Christina Forsyth was a missionary of the United Presbyterian (later United Free) Church of Scotland to the Mfengu people of South Africa. Born in Glasgow, she early decided on a missionary career but because of various family demands was not free to serve until 1878 when she went to Paterson in the eastern Cape Colony as an unpaid missionary.
In 1881 she returned to Scotland where, in 1884, she married a Mr. Forsyth who was drowned a year later. Christina Forsyth then again became an unpaid missionary in South Africa. She lived in a traditional house among the Mfengu of the Xolobe Valley, who had long resisted any advance by missionaries. She got to know every family well through constant visits, which she continued for 30 years despite many rebuffs and even threats of violence. Slowly but surely she won the community over to Christianity simply by her presence among them. She took no furloughs and rarely left the valley until ill health and advanced age forced her retirement in 1916. The Mfengu sent a delegation to beg her to die among them, since “you are not white but one of us.” This she wanted to do, but the mission authorities and European friends would not allow it, and she returned to Scotland.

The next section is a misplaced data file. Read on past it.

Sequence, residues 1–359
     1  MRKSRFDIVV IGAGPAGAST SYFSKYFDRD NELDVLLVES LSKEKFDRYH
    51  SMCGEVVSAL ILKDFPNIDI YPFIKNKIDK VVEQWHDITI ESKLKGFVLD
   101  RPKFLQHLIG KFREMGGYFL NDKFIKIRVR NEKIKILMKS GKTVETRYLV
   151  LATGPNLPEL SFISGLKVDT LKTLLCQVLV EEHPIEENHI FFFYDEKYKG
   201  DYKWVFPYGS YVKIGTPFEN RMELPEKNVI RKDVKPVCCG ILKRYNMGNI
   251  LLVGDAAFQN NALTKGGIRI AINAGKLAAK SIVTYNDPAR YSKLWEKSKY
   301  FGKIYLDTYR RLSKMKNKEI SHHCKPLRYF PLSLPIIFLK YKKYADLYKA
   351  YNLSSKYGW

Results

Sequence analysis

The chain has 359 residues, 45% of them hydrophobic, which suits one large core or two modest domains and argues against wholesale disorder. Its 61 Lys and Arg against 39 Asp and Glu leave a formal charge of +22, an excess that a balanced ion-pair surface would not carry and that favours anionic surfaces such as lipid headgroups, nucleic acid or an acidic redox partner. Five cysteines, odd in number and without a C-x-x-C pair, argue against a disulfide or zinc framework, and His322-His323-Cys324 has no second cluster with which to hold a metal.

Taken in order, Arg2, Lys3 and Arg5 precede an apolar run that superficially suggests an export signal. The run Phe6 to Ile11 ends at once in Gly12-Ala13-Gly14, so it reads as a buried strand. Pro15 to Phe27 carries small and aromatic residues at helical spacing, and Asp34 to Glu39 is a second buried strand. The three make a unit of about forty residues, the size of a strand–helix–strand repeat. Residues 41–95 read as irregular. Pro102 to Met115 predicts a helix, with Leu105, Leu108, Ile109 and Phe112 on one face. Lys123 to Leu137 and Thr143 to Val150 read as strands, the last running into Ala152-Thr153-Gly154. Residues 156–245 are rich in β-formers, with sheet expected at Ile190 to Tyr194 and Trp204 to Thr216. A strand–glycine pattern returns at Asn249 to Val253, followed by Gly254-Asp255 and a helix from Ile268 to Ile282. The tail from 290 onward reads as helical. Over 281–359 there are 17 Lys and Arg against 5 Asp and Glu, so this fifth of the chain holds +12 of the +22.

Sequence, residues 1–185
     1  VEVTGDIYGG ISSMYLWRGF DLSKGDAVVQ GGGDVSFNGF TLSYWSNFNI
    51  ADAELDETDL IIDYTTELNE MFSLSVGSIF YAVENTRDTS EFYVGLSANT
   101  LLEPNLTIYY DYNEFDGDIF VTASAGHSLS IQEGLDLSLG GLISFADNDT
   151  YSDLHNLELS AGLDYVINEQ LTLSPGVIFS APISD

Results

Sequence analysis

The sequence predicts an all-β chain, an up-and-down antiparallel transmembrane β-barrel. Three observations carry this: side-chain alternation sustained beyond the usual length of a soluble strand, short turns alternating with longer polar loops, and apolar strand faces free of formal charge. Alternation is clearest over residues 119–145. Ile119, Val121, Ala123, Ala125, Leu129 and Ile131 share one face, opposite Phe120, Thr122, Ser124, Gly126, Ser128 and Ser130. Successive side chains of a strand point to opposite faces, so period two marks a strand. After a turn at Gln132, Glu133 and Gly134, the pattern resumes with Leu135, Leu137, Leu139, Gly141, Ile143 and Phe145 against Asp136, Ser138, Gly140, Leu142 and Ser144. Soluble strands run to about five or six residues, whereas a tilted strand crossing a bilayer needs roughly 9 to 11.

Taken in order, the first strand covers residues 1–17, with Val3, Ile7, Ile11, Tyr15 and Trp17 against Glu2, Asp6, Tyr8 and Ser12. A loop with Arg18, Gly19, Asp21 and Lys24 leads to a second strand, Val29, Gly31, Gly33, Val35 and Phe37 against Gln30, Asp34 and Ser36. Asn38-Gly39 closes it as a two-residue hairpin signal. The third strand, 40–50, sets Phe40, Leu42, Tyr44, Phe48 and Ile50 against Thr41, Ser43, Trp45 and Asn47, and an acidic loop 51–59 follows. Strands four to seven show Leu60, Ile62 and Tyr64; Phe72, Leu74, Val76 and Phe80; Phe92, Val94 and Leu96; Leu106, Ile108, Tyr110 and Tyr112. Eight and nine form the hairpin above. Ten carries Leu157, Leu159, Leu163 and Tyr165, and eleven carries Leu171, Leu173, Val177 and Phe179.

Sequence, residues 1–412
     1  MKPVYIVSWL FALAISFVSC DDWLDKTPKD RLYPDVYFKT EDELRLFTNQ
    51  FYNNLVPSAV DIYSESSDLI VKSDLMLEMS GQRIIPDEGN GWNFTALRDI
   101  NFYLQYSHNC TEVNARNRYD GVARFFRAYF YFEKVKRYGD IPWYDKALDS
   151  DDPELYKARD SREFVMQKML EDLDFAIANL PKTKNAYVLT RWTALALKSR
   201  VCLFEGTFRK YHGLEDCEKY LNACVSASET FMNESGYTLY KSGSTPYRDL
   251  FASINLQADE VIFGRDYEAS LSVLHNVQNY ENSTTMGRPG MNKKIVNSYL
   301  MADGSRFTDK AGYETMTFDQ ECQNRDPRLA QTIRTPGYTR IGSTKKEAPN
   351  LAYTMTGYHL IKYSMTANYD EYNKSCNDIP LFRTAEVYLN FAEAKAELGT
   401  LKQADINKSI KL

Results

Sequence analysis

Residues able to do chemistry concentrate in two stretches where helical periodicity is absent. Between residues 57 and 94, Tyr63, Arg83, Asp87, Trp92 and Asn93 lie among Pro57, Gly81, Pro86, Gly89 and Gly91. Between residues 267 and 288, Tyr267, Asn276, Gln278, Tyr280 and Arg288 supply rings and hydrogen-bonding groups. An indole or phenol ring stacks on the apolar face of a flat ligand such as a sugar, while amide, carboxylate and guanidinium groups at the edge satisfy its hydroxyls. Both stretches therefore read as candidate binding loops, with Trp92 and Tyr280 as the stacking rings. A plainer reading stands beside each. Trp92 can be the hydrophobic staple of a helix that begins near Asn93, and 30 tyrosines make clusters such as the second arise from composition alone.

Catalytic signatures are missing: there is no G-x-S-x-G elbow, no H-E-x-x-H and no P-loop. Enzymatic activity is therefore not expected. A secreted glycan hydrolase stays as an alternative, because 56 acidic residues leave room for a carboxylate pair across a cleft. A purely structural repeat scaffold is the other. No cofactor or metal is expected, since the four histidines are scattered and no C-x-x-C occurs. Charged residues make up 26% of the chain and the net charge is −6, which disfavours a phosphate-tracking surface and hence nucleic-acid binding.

Andrew C. Ross
The only biography of Christina Forsyth is an unsatisfactory one by W. P. Livingstone with whom she refused to cooperate, Christina Forsyth of Fingoland: The Story of the Loneliest Woman in Africa (1919). The book contains ample evidence to counter the negative title. Archives of the Foreign Mission Committee of the United Free Church of Scotland, in the National Library of Scotland, contain material on Forsyth.
This article is reproduced, with permission, from Biographical Dictionary of Christian Missions, copyright © 1998, by Gerald H. Anderson, W. B. Eerdmans Publishing Company, Grand Rapids, Michigan. All rights reserved.